Class society and the world of work Klassengesellschaft revisited

In Germany, the people who keep things ticking over and our whole economic system running are paid too little. If we look at the bigger picture, exploitation is happening on a global scale.

By Holger Moos

Helmut Kohl’s admonition “Let’s make achievement worthwhile again!” in 1982 initiated a fundamental process of change in the capitalist world of work. This wasn’t good news for those who contributed their labour because the definition of achievement was socially re-evaluated. “From then on, others were regarded as achievers: Entrepreneurs, managers, consultants; those who had money, influence and success.” The achievements of “normal” employees lost social recognition and became less and less “worthwhile” over the ensuing decades.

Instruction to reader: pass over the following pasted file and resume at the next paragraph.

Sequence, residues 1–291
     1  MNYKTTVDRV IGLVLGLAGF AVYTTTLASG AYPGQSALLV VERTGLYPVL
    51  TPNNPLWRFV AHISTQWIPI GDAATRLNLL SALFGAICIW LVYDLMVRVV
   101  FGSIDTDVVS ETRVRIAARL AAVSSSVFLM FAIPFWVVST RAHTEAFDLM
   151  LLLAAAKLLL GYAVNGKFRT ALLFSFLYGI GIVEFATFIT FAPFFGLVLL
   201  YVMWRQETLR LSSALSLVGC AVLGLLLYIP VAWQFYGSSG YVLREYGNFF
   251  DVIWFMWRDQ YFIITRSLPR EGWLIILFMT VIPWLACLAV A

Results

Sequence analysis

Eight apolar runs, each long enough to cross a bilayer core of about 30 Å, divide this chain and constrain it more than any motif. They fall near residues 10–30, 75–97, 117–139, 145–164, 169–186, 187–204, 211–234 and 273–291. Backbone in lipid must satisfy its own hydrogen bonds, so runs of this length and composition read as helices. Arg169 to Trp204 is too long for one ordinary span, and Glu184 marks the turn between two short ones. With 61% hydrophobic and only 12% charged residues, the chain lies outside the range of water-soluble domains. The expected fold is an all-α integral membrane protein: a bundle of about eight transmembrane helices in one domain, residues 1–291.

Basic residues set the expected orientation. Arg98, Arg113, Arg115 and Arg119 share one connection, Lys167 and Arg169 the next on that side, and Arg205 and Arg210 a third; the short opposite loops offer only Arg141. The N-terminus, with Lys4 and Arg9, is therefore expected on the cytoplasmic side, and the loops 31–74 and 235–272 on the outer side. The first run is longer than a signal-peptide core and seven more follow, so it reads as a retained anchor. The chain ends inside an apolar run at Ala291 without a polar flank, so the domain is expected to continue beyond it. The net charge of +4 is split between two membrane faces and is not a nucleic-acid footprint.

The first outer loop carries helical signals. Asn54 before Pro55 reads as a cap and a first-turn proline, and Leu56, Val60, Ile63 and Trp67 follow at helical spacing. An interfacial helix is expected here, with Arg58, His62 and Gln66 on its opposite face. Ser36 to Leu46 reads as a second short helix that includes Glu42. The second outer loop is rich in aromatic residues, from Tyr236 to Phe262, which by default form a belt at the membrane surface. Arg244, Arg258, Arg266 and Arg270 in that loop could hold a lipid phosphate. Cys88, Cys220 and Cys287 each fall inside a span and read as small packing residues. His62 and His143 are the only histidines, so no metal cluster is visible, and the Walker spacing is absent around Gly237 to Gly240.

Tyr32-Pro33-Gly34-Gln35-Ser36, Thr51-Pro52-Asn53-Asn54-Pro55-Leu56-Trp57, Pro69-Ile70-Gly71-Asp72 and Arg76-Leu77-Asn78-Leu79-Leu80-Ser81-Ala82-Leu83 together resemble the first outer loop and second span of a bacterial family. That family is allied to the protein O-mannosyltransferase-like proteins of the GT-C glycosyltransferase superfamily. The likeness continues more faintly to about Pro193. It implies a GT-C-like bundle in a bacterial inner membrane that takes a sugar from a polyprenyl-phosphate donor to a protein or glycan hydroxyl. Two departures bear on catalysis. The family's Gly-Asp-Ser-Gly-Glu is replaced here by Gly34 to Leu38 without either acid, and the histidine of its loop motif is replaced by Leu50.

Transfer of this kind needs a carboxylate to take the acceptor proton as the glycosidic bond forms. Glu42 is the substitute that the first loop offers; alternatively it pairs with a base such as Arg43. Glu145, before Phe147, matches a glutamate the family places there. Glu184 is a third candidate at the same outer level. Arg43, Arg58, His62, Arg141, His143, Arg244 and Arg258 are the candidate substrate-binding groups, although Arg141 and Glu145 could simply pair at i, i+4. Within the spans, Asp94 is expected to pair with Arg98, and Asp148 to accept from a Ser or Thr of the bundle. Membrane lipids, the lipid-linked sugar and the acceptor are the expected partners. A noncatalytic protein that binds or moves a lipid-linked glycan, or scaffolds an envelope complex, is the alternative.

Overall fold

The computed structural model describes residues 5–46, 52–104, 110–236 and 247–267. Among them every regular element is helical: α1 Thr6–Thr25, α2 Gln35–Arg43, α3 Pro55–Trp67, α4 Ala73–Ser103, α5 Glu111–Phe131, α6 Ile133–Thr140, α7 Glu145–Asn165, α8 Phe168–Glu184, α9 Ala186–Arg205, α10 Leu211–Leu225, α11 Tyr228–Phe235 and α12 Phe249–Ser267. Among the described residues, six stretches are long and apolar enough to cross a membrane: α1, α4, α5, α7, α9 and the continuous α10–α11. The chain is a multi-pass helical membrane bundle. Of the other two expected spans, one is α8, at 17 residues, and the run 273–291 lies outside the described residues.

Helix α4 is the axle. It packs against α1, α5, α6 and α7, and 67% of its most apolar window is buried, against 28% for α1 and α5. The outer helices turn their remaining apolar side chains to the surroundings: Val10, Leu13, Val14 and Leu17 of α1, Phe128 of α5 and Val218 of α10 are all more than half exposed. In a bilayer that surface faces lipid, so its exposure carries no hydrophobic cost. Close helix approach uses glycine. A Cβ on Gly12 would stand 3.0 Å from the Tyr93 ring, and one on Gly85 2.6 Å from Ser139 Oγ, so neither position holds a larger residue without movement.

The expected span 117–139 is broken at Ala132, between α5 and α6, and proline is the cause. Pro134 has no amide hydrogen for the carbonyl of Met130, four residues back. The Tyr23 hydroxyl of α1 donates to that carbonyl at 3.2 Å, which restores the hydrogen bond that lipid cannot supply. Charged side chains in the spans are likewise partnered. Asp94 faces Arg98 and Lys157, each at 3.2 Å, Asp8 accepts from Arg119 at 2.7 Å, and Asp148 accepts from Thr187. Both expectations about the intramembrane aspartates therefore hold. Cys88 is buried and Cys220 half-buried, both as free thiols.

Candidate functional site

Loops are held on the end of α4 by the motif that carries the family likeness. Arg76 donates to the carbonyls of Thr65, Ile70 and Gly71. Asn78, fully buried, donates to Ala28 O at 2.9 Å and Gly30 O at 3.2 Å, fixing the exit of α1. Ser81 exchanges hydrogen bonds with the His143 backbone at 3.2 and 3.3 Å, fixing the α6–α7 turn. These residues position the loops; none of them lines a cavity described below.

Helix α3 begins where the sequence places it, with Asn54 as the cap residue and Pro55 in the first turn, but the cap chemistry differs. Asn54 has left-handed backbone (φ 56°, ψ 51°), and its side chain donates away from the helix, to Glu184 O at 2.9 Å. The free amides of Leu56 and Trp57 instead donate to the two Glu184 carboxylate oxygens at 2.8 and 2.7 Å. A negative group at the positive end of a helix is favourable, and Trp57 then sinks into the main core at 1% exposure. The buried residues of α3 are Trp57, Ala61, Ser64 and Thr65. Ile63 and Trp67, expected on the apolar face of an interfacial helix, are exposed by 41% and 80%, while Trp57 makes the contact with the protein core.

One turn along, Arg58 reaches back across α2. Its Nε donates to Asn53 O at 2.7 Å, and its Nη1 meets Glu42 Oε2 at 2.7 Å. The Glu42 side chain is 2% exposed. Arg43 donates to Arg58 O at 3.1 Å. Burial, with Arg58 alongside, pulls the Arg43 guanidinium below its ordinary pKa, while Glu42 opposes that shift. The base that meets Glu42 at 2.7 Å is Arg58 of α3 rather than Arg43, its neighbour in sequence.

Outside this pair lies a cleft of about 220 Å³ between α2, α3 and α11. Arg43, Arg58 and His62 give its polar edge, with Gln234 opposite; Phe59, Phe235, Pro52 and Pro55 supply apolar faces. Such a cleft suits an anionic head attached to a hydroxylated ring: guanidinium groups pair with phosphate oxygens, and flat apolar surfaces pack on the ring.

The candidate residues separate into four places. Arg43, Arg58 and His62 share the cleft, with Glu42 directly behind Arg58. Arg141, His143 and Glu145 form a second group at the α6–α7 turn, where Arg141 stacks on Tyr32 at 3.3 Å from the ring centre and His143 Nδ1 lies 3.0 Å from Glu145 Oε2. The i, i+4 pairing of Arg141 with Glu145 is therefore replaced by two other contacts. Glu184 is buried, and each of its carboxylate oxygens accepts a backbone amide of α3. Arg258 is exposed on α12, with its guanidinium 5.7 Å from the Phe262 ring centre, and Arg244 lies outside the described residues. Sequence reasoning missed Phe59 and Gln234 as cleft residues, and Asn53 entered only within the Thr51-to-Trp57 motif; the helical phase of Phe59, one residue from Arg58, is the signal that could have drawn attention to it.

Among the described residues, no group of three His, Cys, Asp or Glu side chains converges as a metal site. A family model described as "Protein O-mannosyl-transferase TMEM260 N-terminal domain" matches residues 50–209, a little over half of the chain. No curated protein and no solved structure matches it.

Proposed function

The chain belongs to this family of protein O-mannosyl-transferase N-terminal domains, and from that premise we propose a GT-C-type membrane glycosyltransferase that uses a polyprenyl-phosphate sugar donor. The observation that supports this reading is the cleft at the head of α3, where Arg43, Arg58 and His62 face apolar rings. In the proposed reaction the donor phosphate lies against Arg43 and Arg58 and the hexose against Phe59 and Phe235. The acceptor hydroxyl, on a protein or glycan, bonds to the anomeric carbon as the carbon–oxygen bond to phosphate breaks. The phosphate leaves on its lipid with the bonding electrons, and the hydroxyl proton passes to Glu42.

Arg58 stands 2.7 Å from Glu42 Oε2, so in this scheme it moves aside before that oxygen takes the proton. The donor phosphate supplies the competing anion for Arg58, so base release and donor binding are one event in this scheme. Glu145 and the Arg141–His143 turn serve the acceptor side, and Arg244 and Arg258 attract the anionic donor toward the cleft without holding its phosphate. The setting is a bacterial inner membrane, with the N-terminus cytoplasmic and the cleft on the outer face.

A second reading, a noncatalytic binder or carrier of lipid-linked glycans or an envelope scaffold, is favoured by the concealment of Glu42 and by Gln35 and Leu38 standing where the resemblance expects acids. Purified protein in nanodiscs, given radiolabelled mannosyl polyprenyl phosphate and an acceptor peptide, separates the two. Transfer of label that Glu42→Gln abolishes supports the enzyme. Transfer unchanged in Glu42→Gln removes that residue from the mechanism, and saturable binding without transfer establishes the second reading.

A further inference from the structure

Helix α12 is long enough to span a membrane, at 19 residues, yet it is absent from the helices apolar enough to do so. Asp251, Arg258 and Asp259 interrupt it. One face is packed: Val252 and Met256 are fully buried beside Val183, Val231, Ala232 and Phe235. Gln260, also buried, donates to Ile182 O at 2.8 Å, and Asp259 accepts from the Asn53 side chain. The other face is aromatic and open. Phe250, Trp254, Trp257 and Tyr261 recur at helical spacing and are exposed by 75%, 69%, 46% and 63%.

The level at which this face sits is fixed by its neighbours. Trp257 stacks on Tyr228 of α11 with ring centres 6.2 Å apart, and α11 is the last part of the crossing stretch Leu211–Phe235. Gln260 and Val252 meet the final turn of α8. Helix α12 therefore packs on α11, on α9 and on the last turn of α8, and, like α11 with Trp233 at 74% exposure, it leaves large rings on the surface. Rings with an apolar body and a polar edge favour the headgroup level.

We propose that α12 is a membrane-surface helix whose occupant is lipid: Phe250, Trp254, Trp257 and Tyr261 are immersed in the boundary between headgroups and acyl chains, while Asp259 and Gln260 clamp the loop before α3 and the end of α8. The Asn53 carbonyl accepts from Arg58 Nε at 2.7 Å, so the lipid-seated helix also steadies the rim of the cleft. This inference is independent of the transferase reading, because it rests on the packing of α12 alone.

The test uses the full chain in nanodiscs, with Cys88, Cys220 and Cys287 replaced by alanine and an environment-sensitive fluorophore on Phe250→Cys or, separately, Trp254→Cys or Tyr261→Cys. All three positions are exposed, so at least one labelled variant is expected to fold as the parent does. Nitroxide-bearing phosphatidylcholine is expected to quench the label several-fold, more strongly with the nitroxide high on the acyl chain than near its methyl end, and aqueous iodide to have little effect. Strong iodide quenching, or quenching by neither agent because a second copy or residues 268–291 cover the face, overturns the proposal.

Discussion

Mayer-Ahuja und Nachtwey: Verkannte Leistungsträger:innen © Suhrkamp The two sociologists Nicole Mayer-Ahuja and Olivia Nachtwey cite five reasons for this development in the introduction to their anthology Verkannte Leistungsträger:innen (Unrecognized Achievers). Firstly, taxes were lowered, which mainly benefited the wealthy; “based on the daring assumption that wealth must have something to do with special achievements.” These tax losses resulted in an underfunding of the state, which secondly led to cuts in public services, especially in personnel. These cuts were largely achieved through outsourcing and privatisation of state activities. Thirdly, the social security systems were cut back and non-wage labour costs were reduced. This relieved the companies and gave the workers “more net from the gross,” but in cases of unemployment, illness or old age they received less support. Fourthly, pressure on the unemployed grew. The principle of support increasingly gave way to a system that made demands and sanctions. Fifth, thanks to this new “labour market policy, companies found enough people interested even in unattractive jobs.” The amount of precarious work increased. The low-wage sector grew and comprised about a quarter of all dependent employees in 2017.